Download the project files (right) and unzip DEMO_TEMPLATE.zip if your computer doesn’t do so automatically.
Open the resulting DEMO_TEMPLATE folder and navigate to Assets > Scenes and choose the TemplateScene.unity file. Double-click to open.
Download the Files
Unity will launch and a window will open listing Projects both On Disk (local to your computer) and In the Cloud (online). Click once on the blue DEMO_TEMPLATE title.
Click Continue in the dialogue that appears asking about a Non-Matching Editor Installation (this is basically just indicating that the template didn’t originate on your computer).
If prompted, click Update when asked whether or not you would like to Update Vuforia Assets.
To continue, you will need to transfer the Trigger Image file to your mobile device. There are many ways to do this: between Mac and iPhone, you can use AirDrop (below) or email the file to yourself, upload it to Box and save it using the corresponding mobile app, etc.
Click the Play button above the view of your Scene in the main portion of the Unity window.
Open the Trigger Image on your mobile device and point it at your computer’s (now active) camera. You should see a cube appear on top of the Trigger – congratulations!
Working with 3D Objects in Augmented Reality
There are multiple ways to add an to add new objects to your Augmented Reality app. If you are familiar with 3D software such as Maya, Blender or TinkerCAD you are able to export files as object (.obj) files and import them into Unity by dragging and dropping the file into the Assets window.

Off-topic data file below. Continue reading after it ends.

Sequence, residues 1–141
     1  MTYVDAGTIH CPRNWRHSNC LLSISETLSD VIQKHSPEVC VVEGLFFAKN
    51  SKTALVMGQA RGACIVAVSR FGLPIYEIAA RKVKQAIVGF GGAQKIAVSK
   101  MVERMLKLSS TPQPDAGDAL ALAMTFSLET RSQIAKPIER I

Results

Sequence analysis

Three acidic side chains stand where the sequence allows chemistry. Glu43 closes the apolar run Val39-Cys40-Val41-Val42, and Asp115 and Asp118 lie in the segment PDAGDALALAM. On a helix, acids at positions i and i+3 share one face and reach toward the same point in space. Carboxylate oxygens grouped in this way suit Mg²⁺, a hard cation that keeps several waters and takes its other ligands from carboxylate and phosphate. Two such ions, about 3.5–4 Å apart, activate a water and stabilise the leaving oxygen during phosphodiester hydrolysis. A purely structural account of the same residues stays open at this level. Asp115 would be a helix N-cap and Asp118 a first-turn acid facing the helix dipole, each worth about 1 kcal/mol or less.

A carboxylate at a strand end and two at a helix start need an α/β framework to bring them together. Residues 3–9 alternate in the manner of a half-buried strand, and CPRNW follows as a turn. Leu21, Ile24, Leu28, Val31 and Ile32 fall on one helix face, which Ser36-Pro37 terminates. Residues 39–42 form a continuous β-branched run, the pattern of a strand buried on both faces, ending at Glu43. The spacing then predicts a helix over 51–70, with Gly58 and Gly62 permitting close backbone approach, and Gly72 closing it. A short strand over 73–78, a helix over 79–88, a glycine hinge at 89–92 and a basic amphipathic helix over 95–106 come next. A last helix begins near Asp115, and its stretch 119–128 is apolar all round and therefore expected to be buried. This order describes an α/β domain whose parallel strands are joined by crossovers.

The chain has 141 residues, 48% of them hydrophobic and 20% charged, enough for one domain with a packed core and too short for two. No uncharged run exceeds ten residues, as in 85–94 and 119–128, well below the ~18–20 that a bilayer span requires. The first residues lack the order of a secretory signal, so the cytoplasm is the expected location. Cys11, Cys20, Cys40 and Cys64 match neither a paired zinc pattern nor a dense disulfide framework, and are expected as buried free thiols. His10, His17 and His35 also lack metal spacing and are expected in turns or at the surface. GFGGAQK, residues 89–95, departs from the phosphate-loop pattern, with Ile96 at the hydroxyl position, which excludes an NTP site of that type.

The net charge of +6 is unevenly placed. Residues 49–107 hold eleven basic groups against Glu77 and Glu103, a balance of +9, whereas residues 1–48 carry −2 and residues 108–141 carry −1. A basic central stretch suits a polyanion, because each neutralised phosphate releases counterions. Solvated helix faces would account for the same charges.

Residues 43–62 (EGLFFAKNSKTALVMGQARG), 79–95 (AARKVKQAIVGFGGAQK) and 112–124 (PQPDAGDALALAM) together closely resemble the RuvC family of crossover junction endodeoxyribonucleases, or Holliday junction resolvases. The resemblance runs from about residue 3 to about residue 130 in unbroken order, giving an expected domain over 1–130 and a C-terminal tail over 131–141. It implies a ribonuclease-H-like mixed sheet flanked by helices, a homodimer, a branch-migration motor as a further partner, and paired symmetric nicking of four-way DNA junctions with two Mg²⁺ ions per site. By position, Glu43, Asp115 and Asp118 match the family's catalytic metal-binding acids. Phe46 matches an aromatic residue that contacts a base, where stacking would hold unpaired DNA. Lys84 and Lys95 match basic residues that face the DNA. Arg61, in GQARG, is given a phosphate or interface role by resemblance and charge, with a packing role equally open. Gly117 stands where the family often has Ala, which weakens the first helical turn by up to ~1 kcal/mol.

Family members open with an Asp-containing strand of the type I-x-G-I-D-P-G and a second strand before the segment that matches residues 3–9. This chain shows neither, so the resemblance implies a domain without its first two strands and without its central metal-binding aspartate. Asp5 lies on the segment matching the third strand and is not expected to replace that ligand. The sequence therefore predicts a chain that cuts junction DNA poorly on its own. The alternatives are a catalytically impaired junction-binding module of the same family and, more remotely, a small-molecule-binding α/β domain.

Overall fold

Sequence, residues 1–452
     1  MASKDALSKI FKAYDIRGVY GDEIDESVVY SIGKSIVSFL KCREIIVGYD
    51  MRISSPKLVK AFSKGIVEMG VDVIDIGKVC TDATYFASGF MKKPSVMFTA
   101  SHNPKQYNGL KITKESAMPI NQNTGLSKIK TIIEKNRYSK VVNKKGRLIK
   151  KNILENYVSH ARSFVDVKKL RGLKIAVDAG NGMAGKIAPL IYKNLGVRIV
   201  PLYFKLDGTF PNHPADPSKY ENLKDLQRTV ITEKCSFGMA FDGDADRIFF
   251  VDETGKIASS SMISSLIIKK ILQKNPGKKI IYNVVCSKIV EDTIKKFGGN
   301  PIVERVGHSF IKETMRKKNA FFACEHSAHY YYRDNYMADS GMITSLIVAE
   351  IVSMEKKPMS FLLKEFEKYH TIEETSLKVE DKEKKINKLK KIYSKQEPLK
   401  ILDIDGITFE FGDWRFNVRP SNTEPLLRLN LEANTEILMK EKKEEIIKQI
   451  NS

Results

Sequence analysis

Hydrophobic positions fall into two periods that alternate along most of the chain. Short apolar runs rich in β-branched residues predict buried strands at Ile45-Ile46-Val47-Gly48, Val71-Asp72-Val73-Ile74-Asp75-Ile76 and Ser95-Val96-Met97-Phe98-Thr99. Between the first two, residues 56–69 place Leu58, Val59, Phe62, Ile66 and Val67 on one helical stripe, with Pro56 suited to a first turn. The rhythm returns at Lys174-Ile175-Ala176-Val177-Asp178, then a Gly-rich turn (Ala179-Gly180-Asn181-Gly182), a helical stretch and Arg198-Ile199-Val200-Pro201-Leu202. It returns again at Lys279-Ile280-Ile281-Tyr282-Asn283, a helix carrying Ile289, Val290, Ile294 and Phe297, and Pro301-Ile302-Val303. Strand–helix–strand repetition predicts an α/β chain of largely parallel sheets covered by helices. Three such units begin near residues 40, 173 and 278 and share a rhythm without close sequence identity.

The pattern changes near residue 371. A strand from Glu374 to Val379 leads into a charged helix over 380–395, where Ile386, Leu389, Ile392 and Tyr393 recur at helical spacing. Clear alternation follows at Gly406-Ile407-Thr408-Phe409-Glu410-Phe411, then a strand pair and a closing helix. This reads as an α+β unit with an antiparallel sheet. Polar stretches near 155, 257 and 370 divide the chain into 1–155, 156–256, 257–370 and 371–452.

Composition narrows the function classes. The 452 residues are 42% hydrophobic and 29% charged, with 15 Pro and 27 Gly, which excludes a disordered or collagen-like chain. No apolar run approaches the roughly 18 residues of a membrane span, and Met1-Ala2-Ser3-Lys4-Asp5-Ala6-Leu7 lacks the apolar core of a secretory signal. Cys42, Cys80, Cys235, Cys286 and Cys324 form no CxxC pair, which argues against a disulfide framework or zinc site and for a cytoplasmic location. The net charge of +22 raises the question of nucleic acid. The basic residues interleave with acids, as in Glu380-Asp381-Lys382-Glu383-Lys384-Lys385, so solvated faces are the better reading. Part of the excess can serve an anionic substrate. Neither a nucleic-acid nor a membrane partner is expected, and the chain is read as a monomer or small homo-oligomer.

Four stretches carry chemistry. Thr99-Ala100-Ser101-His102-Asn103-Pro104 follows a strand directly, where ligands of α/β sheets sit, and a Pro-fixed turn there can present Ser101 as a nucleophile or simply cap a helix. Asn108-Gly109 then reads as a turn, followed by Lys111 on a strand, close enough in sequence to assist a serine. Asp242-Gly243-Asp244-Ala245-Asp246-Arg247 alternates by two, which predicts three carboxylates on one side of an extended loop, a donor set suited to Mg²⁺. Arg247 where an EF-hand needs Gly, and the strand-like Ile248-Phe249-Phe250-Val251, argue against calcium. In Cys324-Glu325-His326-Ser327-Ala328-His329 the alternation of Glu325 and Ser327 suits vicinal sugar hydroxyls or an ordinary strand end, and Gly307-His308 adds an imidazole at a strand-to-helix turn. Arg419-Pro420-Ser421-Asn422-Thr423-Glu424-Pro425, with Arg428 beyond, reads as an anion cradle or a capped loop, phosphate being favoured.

If you would like files that are free under Creative Commons, you could check out Thingiverse. Thingiverse is a free library of 3D files that can be placed within your project. If a file is not an object file but rather a Standard Tessellation Language (.stl) file then we will have to use a 3D software like TinkerCAD to change the file type to .obj.
To place files and export files in TinkerCAD, check out tinkercad.com/learn/ for a walk through the program and demonstration on how to export files.
Once you have a .obj file, you can import it into a Unity project. To do so, simply locate it on your Desktop, Downloads folder, etc and drag and drop the .obj file into the Asset window of Unity (the lower window in the user interface). Once the model is imported it should appear in the Assets folder where it was dropped.
Now that the file is inside Unity, we can make this Shape the Child to our Image Target. Be mindful of scale, position and rotation of the 3D model: we want to imagine our image target is the stage and our 3D models are the actors. Nothing will show on our camera if we don’t have actors on the stage! If we adjust the Position and Rotation to 0 that should place our model (actors) at the center of our Image Target (stage).
Now, we need to work with Scale. Sometimes a model is too big and is larger than our camera, so we won’t see anything. If the Scale is adjusted to 1 try bumping down the Scale of the X, Y and Z Coordinates. In the past, I have used 0.01 and it at least makes the model visible – if it’s too small feel free to scale it up to meet your needs.
Finally, Unity also has an asset store that can be used to download models. Once these models are imported into the project you can place them just like an object file that was imported.